The staging here is superb, with choreographed releasing of balloons and clever use of lighting and shadow, as the blind Mr Foran leads Harry away from the party.

The Silver Tassie, with its mix of realism and expressionism, is a challenging play to stage and is certainly not O’Casey’s greatest work, but it does have a real pathos. Druid’s production, by including much that was unnecessary and by focusing so much on the comic element, has sacrificed much of that to present a Silver Tassie where the parts are greater than the whole.

The Silver Tassie runs in the Town Hall Theatre until September 7 with tickets costing €25/€18 concession.

Galway in Days Gone By

The way we were – Protecting archives of our past



A photo of Galway city centre from the county council's archives

People’s living conditions less than 100 years ago were frightening. We have come a long way. We talk about water charges today, but back then the local District Councils were erecting pumps for local communities and the lovely town of Mountbellew, according to Council minutes, had open sewers,” says Galway County Council archivist Patria McWalter.

Patria believes we “need to take pride in our history, and we should take the same pride in our historical records as we do in our built heritage”. When you see the wealth of material in her care, this belief makes sense.

She is in charge of caring for the rich collection of administrative records owned by Galway County Council and says “these records are as much part of our history as the Rock of Cashel is. They document our lives and our ancestors’ lives. And nobody can plan for the future unless you learn from the past, what worked and what didn’t”.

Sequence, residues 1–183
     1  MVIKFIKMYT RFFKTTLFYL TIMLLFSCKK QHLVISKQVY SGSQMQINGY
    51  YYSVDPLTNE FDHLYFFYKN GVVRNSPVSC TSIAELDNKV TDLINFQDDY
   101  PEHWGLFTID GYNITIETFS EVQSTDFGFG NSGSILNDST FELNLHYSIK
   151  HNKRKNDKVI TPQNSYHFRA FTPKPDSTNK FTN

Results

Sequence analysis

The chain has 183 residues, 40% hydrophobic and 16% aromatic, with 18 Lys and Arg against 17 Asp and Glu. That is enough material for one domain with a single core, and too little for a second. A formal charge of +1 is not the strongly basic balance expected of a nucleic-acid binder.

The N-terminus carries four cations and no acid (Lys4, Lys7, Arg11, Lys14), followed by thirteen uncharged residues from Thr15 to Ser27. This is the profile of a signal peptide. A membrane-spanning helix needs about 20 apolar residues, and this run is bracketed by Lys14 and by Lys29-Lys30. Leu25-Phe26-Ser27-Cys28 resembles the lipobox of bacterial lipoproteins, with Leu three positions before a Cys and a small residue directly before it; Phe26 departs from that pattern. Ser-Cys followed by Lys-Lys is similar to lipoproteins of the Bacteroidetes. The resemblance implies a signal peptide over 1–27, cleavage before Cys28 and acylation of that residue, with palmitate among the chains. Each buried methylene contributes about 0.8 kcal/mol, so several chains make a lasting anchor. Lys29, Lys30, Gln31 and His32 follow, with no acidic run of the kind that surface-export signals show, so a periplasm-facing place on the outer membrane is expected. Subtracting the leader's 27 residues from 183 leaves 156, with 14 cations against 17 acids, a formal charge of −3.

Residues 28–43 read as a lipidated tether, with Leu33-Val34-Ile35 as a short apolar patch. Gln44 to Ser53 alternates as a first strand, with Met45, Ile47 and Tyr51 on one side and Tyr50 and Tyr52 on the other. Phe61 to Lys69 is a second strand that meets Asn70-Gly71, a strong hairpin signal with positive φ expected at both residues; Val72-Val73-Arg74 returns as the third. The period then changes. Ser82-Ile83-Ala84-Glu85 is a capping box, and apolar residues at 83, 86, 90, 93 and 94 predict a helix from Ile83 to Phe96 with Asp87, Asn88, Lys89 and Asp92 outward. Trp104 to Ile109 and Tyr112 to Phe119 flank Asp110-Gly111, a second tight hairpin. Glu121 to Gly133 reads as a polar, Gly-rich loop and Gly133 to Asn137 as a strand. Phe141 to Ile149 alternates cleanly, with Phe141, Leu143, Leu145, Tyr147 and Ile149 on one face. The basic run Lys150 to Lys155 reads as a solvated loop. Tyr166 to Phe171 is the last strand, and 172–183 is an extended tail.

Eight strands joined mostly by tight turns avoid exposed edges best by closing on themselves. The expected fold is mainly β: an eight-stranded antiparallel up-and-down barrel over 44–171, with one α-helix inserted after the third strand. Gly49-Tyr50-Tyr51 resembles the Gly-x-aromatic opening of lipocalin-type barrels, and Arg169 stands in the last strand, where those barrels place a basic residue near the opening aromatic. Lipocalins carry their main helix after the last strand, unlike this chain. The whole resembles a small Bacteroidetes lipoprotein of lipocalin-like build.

Archivists and librarians are often unfairly regarded as being dry, academic types, but that’s certainly not true of Patria. Her enthusiasm is infectious as she turns the pages of several minute books from Galway’s Rural District Councils, all of them at least 100 years old.

Part of her role involved cataloguing all the records of the Councils – Ballinasloe, Clifden, Galway, Gort, Loughrea, Mountbellew, Portumna and Tuam. These records mostly consisted of minutes of various meetings.

When she was cataloguing them she realised their worth to local historians and researchers, so she decided to compile a guide to their content. The result is For the Record: The Archives of Galway’s Rural District Councils, which will be a valuable asset to anybody with an interest in history.

Many representatives on these Councils were local personalities and several were arrested during the political upheaval of the era, she explains.

And, ushering in a new era in history, women were allowed to sit on these Rural District Councils – at the time they were not allowed to sit on County Councils.

All of this information is included in Patria’s introductory essay to the attractively produced A4 size guide, which gives a glimpse into how these Rural Councils operated and the way political thinking changed in Ireland during a short 26-year period. In the early 1900s, these Councils supported Home Rule, but by 1920, they were calling for full independence and refusing to recognise the British administration.